The Louisiana deer telemetry study that started in the fall of 2006 has yielded some preliminary findings. The study's primary objectives are to assess range and movements of male and female white-tailed deer, evaluate age and sex-specific harvest rates of white-tailed deer and evaluate survival and causes of death among male and female white-tailed deer.
The Louisiana Department of Wildlife and Fisheries (LDWF) and Louisiana State University have spearheaded the study entitled "Population Characteristics of a White-tailed Deer Herd in a Bottomland Hardwood Forest of South-central Louisiana."
"The deer telemetry study is proceeding well and some important information is being accumulated," said LDWF Deer Study Leader Scott Durham.
According to Durham, of the 24 collared deer, two bucks have slipped their collars (one in a cutover and one collar malfunction), one adult doe died from pneumonia and two adult does were harvested by hunters. That leaves 19 deer still being monitored of which five are does and 14 are bucks. Another 16 deer are ear marked only.
"All summer long the deer showed little movement, other than one 1.5-year-old-buck that traveled over eight miles one way, two months after being collared," Durham said.
One collared doe had a core (50 percent of the locations) home range of only 14 acres. Durham said that this is a very small home range and smaller than most previous home ranges found in past studies in other places.
Durham also remarked that two adult bucks have finally begun to show increased movement, with one making about a two-mile trek and then returning.
"Researchers have been able to get amazingly close to some of the bucks while taking GPS locations. This illustrates an adult buck's ability to avoid hunters by staying put and laying low in heavy cover," said Durham.
The deer study site is in the state's latest breeding area, and deer movement likely will continue to increase into January and February.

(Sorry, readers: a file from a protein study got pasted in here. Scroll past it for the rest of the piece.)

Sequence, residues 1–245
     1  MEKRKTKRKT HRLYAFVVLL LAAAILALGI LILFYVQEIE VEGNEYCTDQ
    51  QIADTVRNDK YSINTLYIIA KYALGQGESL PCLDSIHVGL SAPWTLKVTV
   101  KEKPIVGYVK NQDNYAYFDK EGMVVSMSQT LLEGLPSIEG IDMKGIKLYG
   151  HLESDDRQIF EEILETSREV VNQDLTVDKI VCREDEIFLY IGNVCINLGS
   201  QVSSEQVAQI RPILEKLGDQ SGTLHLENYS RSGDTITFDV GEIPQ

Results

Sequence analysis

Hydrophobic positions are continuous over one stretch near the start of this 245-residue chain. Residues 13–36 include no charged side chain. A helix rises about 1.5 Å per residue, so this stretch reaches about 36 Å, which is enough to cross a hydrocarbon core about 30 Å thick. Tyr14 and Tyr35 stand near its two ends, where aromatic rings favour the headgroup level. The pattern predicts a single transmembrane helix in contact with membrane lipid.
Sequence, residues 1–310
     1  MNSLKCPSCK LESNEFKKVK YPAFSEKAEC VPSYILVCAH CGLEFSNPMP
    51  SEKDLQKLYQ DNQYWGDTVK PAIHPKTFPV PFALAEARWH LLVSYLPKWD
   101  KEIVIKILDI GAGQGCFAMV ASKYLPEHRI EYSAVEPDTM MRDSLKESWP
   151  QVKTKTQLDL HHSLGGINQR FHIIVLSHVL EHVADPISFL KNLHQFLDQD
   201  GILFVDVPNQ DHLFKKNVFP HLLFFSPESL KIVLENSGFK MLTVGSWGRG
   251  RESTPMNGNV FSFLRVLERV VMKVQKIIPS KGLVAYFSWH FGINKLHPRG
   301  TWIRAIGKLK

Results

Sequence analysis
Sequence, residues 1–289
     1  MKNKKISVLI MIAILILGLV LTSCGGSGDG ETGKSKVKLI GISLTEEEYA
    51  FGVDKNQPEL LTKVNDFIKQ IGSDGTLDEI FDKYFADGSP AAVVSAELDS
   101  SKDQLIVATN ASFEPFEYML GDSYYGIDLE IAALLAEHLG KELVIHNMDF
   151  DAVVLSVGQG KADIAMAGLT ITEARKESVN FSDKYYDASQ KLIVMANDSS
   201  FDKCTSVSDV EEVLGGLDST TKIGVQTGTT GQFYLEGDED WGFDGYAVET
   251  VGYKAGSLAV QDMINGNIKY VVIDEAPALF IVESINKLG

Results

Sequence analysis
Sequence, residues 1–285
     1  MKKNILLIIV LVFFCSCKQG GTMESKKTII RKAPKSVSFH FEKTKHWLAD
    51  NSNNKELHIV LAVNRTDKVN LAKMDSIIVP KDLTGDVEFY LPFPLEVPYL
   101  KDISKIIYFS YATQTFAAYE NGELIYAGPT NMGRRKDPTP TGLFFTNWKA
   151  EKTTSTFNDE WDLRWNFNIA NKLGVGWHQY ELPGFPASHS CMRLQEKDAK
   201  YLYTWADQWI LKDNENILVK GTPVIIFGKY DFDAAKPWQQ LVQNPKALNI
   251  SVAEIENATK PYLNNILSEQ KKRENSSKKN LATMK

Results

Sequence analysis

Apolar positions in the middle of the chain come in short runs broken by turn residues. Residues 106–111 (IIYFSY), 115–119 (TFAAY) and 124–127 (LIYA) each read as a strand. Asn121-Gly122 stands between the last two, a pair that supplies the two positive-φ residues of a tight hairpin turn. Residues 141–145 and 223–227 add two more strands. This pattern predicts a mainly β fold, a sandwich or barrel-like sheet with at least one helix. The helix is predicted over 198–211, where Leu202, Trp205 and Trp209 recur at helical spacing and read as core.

Trapping deer for the study is scheduled to begin for the second season in early February and deer movement will continue to be monitored. Trapping efforts will be expanded to the north side of Interstate 10 and on the west side of Choctaw Bayou.
A camera survey will also be conducted in February, as well as the second herd health collection. A browse survey will be conducted in the spring.
LDWF and LSU would like to thank the volunteers and contributors that have been so helpful and generous with their time, facilities and financial donations including: Acoustical Supplies, The Southeast Deer Study Group, the Quality Deer Management Association, the Bercham Group, Acadian Sportsmen's League, Bayou State Bowhunters, and the Louisiana Wildlife and Fisheries Foundation. Also special thanks go to Vic Blanchard, Alex Chauffe, and Kenny Hernandez, whom have given LDWF and LSU great access, logistical help and work effort.
White-tailed deer are an important economic and recreational resource across their entire range. In Louisiana and other southeastern states, land managers are choosing strategies geared toward developing quality deer herds. Because this management regime involves restricting harvest of younger-age-class bucks and increasing the harvest of females to lower herd density, substantial interest exists in understanding the effects of quality deer management on population characteristics.
For more information, contact Scott Durham at firstname.lastname@example.org or 225-765-2351.